abolished. However, in the future we should allow the National Assembly,
in its wisdom and as representatives of the people, to still impose the
death penalty for the common good, in specific cases.
MR. SUAREZ. Thank you.
I would like to pursue some more the Gentlemans definition of heinous
crimes.
Would the brutal murder of a rape victim be considered as falling
within that classification?
MR. MONSOD. Madam President, yes, particularly, if it is a person
in authority. He would, therefore, add as an aggravating circumstance
to the crime the abuse of his position in authority.
MR. SUAREZ. Thank you.
136

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Echegaray vs. Secretary of Justice

2) even existing crimes, provided some new element or


essential ingredient like organized or brutal is
added to show their utter perversity, odiousness or
malevolence or
3) the means or method by which the crime, whether
new or old, is carried out evinces a degree or
magnitude of extreme violence, evil, cruelty,
atrocity, viciousness
as to demonstrate its
21
heinousness.
For this purpose, Congress could enact an entirely new set
of circumstances to qualify the crime as heinous, in the
same manner that the presence of treachery in a homicide
aggravates the crime to murder for which a heavier penalty
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is prescribed.
Compelling Reasons
Quite apart from requiring the attendant element of
heinousness, the Constitution also directs Congress to
determine compelling reasons for the revival of the
capital penalty. It is 22true that paragraphs 3 and 4 of the
preamble of RA 7659 made some attempt at meeting this
requirement. But such effort was at best feeble and
inconsequential. It should be remembered that every word
or phrase in the Constitution is
______________
Some examples of this may be taken by Congress from
Richmond vs. Lewis, 506 US 40, like gratuitous violence
or needless mutilation of the victim.
22 Paragraphs 3 & 4 of the preamble reads:
21

WHEREAS, due to the alarming upsurge of such crimes which


has resulted not only in the loss of human lives and wanton
destruction of property but has also affected the nations efforts
towards sustainable economic development and prosperity while
at the same time has undermined the peoples faith in the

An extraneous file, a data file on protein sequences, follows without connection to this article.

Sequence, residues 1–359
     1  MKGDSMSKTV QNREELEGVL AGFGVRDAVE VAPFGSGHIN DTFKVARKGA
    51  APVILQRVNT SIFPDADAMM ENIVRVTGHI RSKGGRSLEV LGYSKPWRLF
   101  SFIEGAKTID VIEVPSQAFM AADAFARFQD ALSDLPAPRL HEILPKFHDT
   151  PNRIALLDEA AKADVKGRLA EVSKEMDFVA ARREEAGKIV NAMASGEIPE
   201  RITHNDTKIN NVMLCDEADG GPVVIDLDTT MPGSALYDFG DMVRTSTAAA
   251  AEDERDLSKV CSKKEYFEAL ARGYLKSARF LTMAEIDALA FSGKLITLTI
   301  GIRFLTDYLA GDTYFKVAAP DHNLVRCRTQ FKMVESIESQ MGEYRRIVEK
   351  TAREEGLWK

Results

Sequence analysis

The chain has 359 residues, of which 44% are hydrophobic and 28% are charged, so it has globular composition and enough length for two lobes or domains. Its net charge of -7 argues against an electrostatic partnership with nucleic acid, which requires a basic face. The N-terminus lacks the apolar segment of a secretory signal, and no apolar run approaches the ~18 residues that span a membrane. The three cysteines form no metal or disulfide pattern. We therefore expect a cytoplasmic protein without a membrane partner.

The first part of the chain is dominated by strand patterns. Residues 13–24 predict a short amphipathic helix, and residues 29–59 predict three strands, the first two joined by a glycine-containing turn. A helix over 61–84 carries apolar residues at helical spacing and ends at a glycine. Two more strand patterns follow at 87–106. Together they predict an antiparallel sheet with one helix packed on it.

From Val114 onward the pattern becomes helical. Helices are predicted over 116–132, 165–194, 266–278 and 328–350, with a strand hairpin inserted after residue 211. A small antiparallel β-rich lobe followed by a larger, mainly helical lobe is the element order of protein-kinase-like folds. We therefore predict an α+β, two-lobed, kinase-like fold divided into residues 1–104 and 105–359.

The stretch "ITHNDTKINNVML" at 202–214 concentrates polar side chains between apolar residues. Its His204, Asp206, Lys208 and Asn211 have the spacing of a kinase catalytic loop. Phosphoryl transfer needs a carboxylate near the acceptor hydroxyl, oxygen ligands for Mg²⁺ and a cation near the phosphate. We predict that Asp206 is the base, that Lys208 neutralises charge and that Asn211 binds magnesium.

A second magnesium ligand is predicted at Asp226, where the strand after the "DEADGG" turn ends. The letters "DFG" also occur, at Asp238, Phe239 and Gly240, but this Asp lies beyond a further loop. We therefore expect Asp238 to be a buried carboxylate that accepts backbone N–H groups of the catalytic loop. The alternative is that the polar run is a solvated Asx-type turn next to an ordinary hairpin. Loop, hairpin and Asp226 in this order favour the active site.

Government and the latters ability to maintain peace and order
in the country
WHEREAS, the Congress, in the interest of justice, public
order and the rule of law, and the need to rationalize and
harmonize the penal sanctions for heinous crimes, finds
compelling reasons to impose the death penalty for said crimes.
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Echegaray vs. Secretary of Justice

sacred and should never be ignored, cavalierlytreated or


brushed aside. Thus, I believe that the compelling reasons
and the characterization of heinousness cannot be done
wholesale but must be shown for each and every crime,
individually and separately.
The words compelling reasons were included in the
Charter because, in the words of Comm. Monsod, in the
future, circumstances may arise which we should not
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preclude today x x x and that the conditions and the


situation (during the deliberations of the Constitutional
Commission) might change for very specific reasons
requiring the return of the constitutionallyabhorred
penalty.
In his sponsorship of House Bill No. 62 which later
evolved into RA 7659, Congressman Pablo Garcia, in
answer to questions raised by Representative
Edcel
23
Lagman tried to explain these compelling reasons:
MR. LAGMAN. So what are the compelling reasons now,
Mr. Speaker? x x x
MR. GARCIA (P.). The worsening peace and order
condition in the country, Mr. Speaker. That is one.
MR. LAGMAN. So the compelling reason which the
distinguished sponsor would like to justify or serve as an
anchor for the justification of the reimposition of the
death penalty is the alleged worsening peace and order
situation. The Gentleman claims that that is one of the
compelling reasons. But before we dissect this particular
compelling reason, may we know what are the other
compelling reasons, Mr. Speaker?
MR. GARCIA (P.). Justice, Mr. Speaker.
MR. LAGMAN. Justice.
MR. GARCIA (P.). Yes, Mr. Speaker.
MR. LAGMAN. Justice is a compelling reason, Mr.
Speaker? Could the Gentleman kindly elaborate on that
answer? Why is justice a compelling reason as if justice
was not obtained at the time
_______________
23

Record of the House of Representatives, First Regular Session, 1992

1993, Volume IV, February 10, 1993, p. 674, italics supplied.


138

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SUPREME COURT REPORTS ANNOTATED


Echegaray vs. Secretary of Justice

the Constitution abolished the death penalty? Any


compelling reason should be a supervening circumstances
after 1987.
MR. GARCIA (P.). Mr. Speaker, I have repeatedly said
again and again that if one lives in an organized society
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governed by law, justice demands that crime be